Utilities—such as telecommunications, electricity, natural gas, water, and sewer services—are crucial to health and well-being. People must be able to contact police, fire, medical, and other responders during emergencies; to drink and bathe in affordable, safe water; and to pay a reasonable rate for summer air-conditioning and ample heat in winter. Older Americans particularly need these services, and many find that they eat up a sizable share of their household budget.
Market-oriented change—in the 1990s, telecommunications and electrical utilities sought sweeping reductions in governmental control. Many regulations changed after passage of new laws in 1992 (for the energy industry) and 1996 (for the telecommunications industry), along with actions by federal agencies and state legislatures. Utilities began relying more heavily on market solutions, promising that consumers’ ability to choose among providers would lead to many new benefits.
Robust competition has not developed for all consumers and in all markets for several reasons. Barriers to entry and consolidation have resulted in too few suppliers in some markets to generate much competition in the residential sector. In addition, market-oriented policy reformers have not always confirmed that effective competition exists before eliminating important protections. When large service providers dominate the market, competition may be too weak to give consumers much influence. Eliminating, reducing, or preventing regulation does not in itself produce competitive benefits. Markets must also be transparent; information about products and services must be available and affordable; and abuse of market power and unfair trade practices must be controlled. Moreover, deregulation or industry self-regulation efforts may help only certain customer classes, while possibly harming others. Strong consumer safeguards are therefore essential in both regulated and deregulated markets. We must maintain provisions for universal service, financial assistance to households with low incomes, and affordable, high-quality service for all residential consumers to ensure that all consumers benefit.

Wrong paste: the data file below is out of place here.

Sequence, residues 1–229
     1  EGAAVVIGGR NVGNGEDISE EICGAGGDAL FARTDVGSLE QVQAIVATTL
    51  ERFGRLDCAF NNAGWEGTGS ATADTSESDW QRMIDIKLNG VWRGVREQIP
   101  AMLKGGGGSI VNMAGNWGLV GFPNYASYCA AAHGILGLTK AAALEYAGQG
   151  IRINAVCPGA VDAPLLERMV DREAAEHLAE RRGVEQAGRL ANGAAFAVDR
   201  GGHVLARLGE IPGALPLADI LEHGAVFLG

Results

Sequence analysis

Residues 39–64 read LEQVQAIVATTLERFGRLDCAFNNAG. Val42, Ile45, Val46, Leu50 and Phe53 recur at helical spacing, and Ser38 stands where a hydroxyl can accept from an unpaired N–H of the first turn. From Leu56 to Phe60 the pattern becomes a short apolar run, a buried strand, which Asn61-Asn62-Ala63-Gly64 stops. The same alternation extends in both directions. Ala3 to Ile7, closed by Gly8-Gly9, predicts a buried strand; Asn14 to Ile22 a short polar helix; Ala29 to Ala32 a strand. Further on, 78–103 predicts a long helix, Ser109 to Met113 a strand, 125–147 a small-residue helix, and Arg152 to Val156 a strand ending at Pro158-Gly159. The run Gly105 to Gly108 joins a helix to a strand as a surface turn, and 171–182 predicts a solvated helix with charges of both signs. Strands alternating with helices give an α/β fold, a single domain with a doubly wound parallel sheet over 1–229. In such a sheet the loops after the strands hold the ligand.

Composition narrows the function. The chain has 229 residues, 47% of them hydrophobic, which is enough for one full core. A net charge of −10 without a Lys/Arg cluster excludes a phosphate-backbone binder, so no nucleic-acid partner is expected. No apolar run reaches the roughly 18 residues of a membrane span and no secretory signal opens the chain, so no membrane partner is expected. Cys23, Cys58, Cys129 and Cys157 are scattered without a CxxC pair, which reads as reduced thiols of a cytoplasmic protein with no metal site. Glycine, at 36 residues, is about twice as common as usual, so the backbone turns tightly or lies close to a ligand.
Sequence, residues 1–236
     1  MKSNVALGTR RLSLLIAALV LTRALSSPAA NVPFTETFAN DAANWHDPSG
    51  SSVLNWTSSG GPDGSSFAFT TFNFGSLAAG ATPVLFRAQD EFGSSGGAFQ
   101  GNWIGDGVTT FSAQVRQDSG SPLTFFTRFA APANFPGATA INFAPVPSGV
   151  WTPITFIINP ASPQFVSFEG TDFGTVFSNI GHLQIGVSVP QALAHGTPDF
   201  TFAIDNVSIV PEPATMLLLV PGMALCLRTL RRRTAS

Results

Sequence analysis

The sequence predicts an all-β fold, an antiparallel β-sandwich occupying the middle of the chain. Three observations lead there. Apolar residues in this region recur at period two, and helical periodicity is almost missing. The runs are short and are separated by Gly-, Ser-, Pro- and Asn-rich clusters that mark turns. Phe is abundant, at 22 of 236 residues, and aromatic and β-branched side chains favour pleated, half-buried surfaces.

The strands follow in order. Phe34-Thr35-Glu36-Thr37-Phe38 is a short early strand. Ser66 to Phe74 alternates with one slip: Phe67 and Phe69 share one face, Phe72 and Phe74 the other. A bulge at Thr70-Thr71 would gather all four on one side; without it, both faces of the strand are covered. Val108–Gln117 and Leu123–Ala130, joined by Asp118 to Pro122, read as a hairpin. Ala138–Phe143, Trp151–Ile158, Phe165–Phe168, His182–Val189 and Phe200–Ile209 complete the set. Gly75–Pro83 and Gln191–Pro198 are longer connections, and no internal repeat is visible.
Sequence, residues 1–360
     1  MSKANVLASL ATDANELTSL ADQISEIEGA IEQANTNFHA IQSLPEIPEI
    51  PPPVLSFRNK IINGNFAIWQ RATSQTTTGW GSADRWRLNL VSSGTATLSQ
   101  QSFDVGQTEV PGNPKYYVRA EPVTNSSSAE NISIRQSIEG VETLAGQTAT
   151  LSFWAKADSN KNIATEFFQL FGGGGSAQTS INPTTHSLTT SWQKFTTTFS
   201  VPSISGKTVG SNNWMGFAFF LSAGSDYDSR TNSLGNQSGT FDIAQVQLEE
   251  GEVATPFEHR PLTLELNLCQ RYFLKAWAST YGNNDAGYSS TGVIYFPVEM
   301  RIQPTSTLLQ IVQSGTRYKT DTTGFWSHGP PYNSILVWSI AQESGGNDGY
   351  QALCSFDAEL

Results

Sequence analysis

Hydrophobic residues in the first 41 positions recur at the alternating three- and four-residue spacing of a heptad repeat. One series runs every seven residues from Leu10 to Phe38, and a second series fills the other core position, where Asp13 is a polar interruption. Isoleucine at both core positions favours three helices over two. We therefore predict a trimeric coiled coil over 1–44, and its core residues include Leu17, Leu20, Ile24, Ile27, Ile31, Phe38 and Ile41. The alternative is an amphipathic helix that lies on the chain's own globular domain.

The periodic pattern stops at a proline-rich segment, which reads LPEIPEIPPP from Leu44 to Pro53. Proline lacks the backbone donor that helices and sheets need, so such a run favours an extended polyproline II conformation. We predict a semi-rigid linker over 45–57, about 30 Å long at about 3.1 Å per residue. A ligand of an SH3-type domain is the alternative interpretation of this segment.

Technological change—technological innovation necessitates policies that ensure the delivery of utility services in ways that best accord with the public interest. In recent decades, technological advances have generated an array of new and better services, often leading to profound social and economic benefits. For example, high-speed Internet connectivity facilitates access to health care services, social contacts, employment, education, recreation, entertainment, and many other activities that help older people age successfully. An increasing percentage of consumers are using these technologies and services.
Broadband deployment also has raised consumer privacy concerns. In 2016, the Federal Communications Commission (FCC) passed regulations giving broadband customers greater control over how Internet service providers (ISPs) share their personal information, including what personal information ISPs can share without customers’ affirmative consent.
Consumers’ increasing dependence on Internet access also raises concerns about ISPs’ control over the way content and information is delivered over broadband networks. In 2015, the FCC classified broadband Internet access as a telecommunications service, and as a result the agency prohibited broadband companies from blocking or slowing down internet content delivery. In 2016, the US Court of Appeals for the District of Columbia Circuit upheld the FCC’s ruling. As a result, broadband Internet access providers may not:
- lock access to legal content, applications, services, or non-harmful devices;
- “throttle” traffic by impairing or degrading lawful Internet traffic on the basis of content, applications, services, or non-harmful devices; or
- engage in “paid prioritization,” through which the ISP favors some traffic over other traffic. For example, the ISP may not provide “fast lanes” for the delivery of a particular content provider’s streaming video downloads, whether in exchange for money or other consideration.
Climate change—climate change is one of the nation’s most difficult issues to resolve. State and federal efforts, such as the “Clean Power Plan” proposed by the US Environmental Protection Agency, aim to reduce greenhouse gas emissions. One obstacle is that these mitigation measures require society to start paying today for benefits that will accrue in the future. Such actions raise important questions about how policymakers can best protect the public interest and avoid driving up prices to unaffordable levels, while also heeding climate scientists’ calls for immediate and substantial action. Protecting the public interest necessitates climate change solutions that ensure energy affordability and fairly distribute costs across the entire population.